Part III: London and the golden era of pro wrestling - The press and changing times
- Written by Geoff Dale
Today when the fan wants the latest scoop on ring action, whether it’s the WWE or the independent circuit, there are countless wrestling websites on the Internet and social media outlets like Twitter, Facebook and Google Plus.
Back in the golden days print journalism was the key to getting the dirt on The Sheik or Bulldog Brower. In London fans routinely turned to talented and eminently quick-witted writers like Bev Tyrrell and Harry Eisen.
Samples of their coverage:
“Honestly, folks, it’s getting monotonous! The way that evil character Dick “Bulldog” Brower keeps winning, that is. One would think that a bad egg like Brower would come to no good end. But that seems to be far in the future.” – Harry Eisen, on Brower’s disqualification win over Whipper Billy Watson.
“Maybe next time they stage a pier six wrestling brawl, the powers-that-be will install traffic lights to keep the combatants honest.” – Bev Tyrrell covering Brower, Sweet Daddy Siki and Johnnie Valentine’s win over Watson, Sammartino and Gentleman Jim Hady.
"We had really good sports writers in London who got the comedy and sports in wrestling,” says Terry Dart. “Harry Eisen did it with humour, like when he wrote, ‘Gene Kiniski’s knee drop is not to be confused with a gum drop’ or ‘Whipper Billy Watson looked like Little Orphan Annie tied to a train track.''
What did local pro wresting aficionado Terry Dart think of the big names that hit London on an almost weekly basis?
“Whipper wasn’t that friendly, he’d just hello and nothing more,” he says. “The Kalmikoffs were interesting; Fritz Von Erich was a good man and Billy Red a really nice guy. We used to call Tony Perisi a butterball. The Canadian Wildman (Dave McKigney) was fascinating because he both a wrestler and promoter. I kept calling him Dave and you’re not supposed to do that."
“I think the worst times were when The Sheik attacked me. He was unpredictable but once in Simcoe his manager asked me to do them a favour as part of the match, which I did. In the 1970s he was the big undefeated name. There were some good moments like me taking photos of his nephew Sabu. His manager The Weasel was a good guy but there were those nights when The Sheik would spit or hit me.”
One night when Abdullah was fighting Pampero Firpo, he was taking photos of the wild action. Firpo was flipped out of the ring, landing squarely on the shocked Londoner. “He said ‘what are you doing there’ and I replied ‘I don’t know but I want out,” Terry said. “Abdullah threw a judo chop that missed Firpo but hit me. That hurt.”
“Lord Layton told me he would have liked to live in London. The Wildman (immortalized in Jim Freedman’s book Drawing Heat) wanted to buy the London Arena but that never happened. When it was torn down, there was a lot of memorabilia lost and chairs that had been autographed by wrestlers. Dave was well liked as a promoter and I saw him pay all his wrestlers, which wasn’t always the case with others."
“Later in the ‘70s there was wrestling in Centennial Hall but that didn’t work out. Cowboy Frankie Laine ran the Grand Prix wrestling in the 80s. The arena was too hot and crowds not that good.”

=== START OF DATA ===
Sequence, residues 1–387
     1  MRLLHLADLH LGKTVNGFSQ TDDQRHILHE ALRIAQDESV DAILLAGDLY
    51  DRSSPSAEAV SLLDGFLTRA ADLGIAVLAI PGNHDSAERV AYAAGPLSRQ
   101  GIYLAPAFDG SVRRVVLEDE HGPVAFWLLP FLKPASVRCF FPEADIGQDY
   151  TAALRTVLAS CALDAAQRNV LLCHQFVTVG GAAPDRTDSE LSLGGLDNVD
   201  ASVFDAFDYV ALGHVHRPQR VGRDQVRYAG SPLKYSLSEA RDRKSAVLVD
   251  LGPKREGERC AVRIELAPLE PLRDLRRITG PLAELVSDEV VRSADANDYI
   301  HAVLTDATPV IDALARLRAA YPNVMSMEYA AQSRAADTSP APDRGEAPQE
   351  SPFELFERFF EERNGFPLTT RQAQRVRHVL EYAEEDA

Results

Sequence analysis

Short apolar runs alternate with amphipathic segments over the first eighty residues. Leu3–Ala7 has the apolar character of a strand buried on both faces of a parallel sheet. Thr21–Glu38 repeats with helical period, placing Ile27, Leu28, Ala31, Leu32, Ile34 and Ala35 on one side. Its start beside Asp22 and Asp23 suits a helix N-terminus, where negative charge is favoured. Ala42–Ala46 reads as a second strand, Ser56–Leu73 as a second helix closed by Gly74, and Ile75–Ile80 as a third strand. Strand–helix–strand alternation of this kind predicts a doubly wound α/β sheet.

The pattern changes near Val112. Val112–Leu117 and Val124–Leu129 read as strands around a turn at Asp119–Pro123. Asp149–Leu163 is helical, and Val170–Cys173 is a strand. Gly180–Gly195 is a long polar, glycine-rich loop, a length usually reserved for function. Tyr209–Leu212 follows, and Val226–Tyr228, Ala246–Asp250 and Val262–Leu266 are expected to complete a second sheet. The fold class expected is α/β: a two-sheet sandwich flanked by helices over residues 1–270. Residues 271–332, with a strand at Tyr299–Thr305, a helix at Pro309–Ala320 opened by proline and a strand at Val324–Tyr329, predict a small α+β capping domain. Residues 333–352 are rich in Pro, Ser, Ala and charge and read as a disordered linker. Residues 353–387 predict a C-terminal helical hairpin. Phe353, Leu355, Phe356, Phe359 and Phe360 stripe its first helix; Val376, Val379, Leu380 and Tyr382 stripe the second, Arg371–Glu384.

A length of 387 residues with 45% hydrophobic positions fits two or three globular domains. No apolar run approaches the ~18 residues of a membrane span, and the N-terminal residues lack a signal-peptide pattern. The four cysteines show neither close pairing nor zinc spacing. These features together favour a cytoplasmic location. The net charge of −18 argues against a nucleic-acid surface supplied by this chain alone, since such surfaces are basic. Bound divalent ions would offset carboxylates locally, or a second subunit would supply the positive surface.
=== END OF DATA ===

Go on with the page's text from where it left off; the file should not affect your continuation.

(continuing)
“One night, I saw Tony Marino wrestle Krusher Stan Kowalski in London. Kowalski hid a metal plate in his knee pad. He kept kneeing Marino in the head until he was a bloody mess. Young girls were screaming. There was total chaos. The next night, I went to a match in Woodstock to see them. Marino was totally healed up."
“Being the mark that I was, I walked up and told him that I had been in London the night before. When I asked about his injuries, he said, "Oh, I heal quickly, that's all." I said that was a miracle.”
Theatrics aside, Terry says wrestling was serious business for fans. One night when the referee gave heel John Katan the nod over face Whipper Billy Watson, a riot erupted with chairs smashed, floorboards torn up and ultimately matches temporarily suspended.
“It was more fun back then,” Terry says. “We believed it was real. Now we know differently, so it’s like being told there is no Santa Claus. You don’t see as many old people like Ma Pickles and the prices, what a change! Back then it was $1.50 ringside, $1.25 for regular and 75 cents for kids. Some of us got in free because we’d carry suitcases for some of the wrestlers."
“That was heavy stuff, but we were young and full of energy. It was so much fun and seems like only yesterday.”
[Photos: Courtesy of Terry Dart]
Geoff Dale is a freelance writer and photographer based in Woodstock, Ontario. Born in London, England, he has been a journalist since 1975 and a lover of film, theatre and books since as long as he can remember. A Stratford Festival reviewer for The Beat, his first work of fiction, an alternative history entitled The Fine Art of Boxing – No Stooge in the Ring, was published in 2013.
[Editor's Note: This concludes the three part series on London and the golden era of pro wrestling.Thanks to writer Geoff Dale and especially Terry Dart for this flashback to an earlier time in London sports history.]